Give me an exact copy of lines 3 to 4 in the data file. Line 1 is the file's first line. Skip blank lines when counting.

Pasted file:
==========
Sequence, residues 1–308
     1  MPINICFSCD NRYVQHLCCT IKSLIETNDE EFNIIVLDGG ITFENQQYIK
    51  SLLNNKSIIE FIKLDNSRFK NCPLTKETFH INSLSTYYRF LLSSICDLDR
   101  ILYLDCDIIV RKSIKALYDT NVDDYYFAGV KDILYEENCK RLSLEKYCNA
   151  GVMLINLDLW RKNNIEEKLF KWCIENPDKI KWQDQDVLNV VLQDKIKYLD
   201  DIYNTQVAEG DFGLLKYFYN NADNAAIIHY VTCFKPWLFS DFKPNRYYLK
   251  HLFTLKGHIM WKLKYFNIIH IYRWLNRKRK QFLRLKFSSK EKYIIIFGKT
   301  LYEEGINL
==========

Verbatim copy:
    51  SLLNNKSIIE FIKLDNSRFK NCPLTKETFH INSLSTYYRF LLSSICDLDR
   101  ILYLDCDIIV RKSIKALYDT NVDDYYFAGV KDILYEENCK RLSLEKYCNA